Below is a sneak peak of a substitute book or two for the Mother of Divine Grace history readings in the third grade syllabus. While the listed books are great choices, some may be expensive or even out of print. I am trying to save money by finding adequate substitutes at my local library.
Week 5 of the Mother of Divine Grace 3rd grade syllabus calls for D’Aulaire’s Christopher Columbus as supplemental reading. D’Aulaire’s biographies are wonderful and well worth the money. If you would like a preview of the D’Aulaire books, see this post at Little Schoolhouse in the Suburbs. (This blog is indispensible to those of us who are new to MODG.)
Unfortunately, my local library did not have this particular D’Aulaire, and I decided not to pay the rather high price tag to buy it myself. I did find an decent substitute in David Adler’s A Picture Book of Christopher Columbus. Adler has many of these short biographies, some better than others. His series is a good place to start if you are searching for replacements.
Now, Adler’s books are significantly shorter than D’Aulaire’s, so you are not going to get quite the in depth look as you would have. I am okay with that concerning Christopher Columbus which is why I chose not to purchase the D’Aulaire.
Adler’s book is about 30 pages of this:
And since this is a lower reading level than the D’Aulaire book, your third grader could probably read it independently in one sitting.
I found that the treatment of events in this book was pretty fair, not overly glorifying Columbus nor making him out to be an evil tyrant. There is so much debate about his moral character, and I imagine the truth is somewhere in between. No need to dredge up all that drama with your little ones. We focus on the adventure of setting sail and discovering new cultures.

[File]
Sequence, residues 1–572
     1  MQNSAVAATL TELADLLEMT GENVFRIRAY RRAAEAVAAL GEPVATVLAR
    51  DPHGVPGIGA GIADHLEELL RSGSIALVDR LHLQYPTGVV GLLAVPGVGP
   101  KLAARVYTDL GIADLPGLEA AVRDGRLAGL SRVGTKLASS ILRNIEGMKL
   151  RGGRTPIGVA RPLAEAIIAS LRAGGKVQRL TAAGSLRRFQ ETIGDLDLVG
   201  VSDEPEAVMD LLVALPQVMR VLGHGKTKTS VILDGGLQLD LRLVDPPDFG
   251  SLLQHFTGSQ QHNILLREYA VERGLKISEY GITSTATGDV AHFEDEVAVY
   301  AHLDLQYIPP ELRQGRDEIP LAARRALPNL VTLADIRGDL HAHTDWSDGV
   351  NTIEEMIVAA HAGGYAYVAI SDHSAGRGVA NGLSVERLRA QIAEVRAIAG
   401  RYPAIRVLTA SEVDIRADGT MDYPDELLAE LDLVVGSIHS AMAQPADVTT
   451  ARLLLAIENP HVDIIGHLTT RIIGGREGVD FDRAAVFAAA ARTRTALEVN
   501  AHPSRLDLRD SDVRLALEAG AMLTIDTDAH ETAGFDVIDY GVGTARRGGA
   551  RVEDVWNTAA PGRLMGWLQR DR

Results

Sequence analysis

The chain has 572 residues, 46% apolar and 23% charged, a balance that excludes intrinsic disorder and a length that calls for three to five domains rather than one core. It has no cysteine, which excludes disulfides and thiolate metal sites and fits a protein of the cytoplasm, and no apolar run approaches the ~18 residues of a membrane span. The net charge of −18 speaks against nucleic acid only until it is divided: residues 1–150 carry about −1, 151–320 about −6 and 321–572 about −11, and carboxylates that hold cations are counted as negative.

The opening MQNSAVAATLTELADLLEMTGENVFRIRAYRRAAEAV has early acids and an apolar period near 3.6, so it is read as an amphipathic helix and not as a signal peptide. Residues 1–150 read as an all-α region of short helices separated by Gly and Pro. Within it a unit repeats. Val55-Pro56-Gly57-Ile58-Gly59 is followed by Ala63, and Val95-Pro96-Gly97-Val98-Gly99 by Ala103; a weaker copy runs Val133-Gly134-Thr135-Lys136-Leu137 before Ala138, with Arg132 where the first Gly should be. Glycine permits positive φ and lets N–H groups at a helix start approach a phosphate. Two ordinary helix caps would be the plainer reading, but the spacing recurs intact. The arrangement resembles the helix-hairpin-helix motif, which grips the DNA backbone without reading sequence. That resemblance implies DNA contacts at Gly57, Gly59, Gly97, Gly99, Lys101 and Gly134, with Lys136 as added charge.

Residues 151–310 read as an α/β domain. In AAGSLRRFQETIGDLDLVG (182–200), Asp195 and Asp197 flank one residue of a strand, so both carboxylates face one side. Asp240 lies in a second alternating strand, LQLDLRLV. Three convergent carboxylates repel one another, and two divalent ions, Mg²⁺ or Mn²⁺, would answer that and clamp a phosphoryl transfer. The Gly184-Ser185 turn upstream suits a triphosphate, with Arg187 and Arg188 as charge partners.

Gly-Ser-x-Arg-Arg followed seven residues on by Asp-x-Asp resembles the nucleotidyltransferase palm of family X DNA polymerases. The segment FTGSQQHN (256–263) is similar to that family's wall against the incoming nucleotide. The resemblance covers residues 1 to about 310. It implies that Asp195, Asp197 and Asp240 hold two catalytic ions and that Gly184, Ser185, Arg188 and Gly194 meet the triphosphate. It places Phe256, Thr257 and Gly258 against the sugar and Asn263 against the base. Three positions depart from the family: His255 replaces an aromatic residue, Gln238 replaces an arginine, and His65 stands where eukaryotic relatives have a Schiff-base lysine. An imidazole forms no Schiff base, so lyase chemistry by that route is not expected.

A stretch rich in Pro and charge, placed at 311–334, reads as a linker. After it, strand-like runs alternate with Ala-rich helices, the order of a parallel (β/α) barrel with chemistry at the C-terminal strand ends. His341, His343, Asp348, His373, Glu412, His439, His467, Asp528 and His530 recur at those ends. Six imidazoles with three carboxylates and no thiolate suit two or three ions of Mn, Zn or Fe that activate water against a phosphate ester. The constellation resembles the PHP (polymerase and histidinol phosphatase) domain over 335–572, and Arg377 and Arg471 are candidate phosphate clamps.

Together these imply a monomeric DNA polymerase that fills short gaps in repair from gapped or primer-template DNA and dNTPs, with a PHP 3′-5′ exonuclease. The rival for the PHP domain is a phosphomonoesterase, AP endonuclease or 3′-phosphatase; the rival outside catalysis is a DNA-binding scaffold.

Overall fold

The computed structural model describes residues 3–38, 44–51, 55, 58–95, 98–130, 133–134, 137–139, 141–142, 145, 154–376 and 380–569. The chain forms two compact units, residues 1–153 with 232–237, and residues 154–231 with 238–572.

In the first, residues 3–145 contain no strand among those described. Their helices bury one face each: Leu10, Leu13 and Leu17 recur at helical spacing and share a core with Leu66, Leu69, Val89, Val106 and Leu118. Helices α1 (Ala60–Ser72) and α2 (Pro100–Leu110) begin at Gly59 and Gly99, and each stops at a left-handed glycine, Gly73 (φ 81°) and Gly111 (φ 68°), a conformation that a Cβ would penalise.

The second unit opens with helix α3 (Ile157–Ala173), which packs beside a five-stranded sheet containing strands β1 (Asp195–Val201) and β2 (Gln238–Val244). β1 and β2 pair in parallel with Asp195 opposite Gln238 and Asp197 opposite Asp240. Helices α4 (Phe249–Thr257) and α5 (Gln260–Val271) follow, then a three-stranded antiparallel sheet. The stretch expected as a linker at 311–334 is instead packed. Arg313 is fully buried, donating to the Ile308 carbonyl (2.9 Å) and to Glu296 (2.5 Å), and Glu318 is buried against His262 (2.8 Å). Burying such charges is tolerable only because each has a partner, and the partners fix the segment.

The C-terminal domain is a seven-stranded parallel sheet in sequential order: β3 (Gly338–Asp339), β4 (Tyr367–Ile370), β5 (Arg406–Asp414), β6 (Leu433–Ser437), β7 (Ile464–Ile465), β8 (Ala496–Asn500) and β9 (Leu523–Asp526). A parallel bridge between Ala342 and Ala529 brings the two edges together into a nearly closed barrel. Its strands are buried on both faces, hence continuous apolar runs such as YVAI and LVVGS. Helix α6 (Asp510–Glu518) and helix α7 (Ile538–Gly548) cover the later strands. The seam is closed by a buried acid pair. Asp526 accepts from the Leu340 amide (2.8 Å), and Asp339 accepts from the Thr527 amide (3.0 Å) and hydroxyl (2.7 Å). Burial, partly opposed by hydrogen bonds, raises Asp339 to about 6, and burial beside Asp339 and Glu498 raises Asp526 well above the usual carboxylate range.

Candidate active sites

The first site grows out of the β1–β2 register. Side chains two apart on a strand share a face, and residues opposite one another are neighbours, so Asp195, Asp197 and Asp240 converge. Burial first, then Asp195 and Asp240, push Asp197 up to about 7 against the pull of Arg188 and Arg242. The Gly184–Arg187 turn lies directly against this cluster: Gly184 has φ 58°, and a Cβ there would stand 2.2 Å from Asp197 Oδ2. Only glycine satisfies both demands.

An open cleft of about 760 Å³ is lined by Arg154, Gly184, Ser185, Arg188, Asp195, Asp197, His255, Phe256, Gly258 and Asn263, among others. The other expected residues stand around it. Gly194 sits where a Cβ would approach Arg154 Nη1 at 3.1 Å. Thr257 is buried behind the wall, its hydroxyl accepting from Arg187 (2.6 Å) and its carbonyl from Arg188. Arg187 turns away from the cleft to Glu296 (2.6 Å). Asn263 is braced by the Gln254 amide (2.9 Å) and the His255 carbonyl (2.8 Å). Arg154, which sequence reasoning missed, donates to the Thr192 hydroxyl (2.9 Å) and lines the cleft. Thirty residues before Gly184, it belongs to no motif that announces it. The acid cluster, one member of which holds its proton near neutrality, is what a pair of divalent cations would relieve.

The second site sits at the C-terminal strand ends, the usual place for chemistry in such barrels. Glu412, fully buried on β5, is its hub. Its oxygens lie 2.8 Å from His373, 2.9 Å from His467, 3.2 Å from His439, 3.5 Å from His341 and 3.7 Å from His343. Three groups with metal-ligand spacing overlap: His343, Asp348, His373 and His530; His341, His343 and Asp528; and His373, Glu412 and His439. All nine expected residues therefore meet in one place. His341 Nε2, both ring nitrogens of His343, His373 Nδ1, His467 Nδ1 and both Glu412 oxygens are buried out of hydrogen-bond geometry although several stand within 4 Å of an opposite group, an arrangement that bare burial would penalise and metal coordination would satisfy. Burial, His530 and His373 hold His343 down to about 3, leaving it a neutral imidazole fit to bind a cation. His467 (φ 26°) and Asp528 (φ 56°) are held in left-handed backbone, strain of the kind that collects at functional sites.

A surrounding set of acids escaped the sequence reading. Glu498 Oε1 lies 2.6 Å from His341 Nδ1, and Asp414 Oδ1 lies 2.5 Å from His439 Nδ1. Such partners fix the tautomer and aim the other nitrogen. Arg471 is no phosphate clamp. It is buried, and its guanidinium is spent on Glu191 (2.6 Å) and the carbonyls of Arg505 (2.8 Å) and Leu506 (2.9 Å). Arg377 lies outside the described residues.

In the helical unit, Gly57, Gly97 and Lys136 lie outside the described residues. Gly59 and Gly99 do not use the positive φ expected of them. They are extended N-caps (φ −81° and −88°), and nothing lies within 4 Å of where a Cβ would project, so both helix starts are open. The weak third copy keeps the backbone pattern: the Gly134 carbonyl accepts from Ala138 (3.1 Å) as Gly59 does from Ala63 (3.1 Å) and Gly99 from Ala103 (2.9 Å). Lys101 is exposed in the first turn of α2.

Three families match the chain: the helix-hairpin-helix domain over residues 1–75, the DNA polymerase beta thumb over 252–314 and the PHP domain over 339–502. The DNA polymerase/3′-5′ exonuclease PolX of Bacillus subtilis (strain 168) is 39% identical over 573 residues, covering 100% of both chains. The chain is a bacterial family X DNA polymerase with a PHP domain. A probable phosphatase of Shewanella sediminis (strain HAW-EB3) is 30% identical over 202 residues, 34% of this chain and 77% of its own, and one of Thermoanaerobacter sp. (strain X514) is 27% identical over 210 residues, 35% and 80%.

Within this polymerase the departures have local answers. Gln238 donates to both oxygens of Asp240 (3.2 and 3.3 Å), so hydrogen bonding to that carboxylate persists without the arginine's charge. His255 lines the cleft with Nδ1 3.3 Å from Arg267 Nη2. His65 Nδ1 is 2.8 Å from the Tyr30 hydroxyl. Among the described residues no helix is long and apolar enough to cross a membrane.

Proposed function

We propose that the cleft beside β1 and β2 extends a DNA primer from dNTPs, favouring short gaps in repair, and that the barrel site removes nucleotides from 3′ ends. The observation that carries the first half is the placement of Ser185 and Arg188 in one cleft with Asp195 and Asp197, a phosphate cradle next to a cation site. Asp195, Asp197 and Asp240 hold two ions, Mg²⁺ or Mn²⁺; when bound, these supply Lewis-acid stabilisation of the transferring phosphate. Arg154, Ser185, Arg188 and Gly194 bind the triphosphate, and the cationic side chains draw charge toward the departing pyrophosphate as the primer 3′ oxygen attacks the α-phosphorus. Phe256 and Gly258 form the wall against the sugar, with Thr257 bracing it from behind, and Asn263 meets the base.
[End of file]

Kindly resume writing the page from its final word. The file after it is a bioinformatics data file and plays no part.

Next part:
Speaking of adventures, an even better substitute is Pedro’s Journal by Pam Conrad. I did buy this one used for just a couple of dollars. It is told from the perspective of a ship’s boy named Pedro. While it is historical fiction instead of a biography, it contains plenty of information to supplement the main history text you are using.
I particularly like how Catholicism is seamlessly woven into the story. The author doesn’t smack you over the head with it, but takes many opportunities to have the narrator think about Mass or talk about the Captain saying his rosary. And there is a very good treatment of how these men still sin in their dealings with the Native Americans despite their obviously Christian theology.
Pedro’s Journal is a chapter book and will take a week or so to read aloud (in 20-30 minute chunks.) It is also listed at a 5th grade reading level. That seems like a generous level and I would say 4th sounds more accurate. My third grader would be able to read it independently with a little help regarding names of people, places, and ships. We used it as a tea time read aloud and Ryan has really enjoyed it. The drawings also add a lot to the story and we are learning quite a bit about sailing these old timey ships. I would not choose this novel for a sensitive child. There are a few events toward the end that could scare someone.
I will be previewing several history books over the next year. Keep checking in if substitutions are something you need. A great way to not miss a post is to sign up for my Weekly Newsletter.
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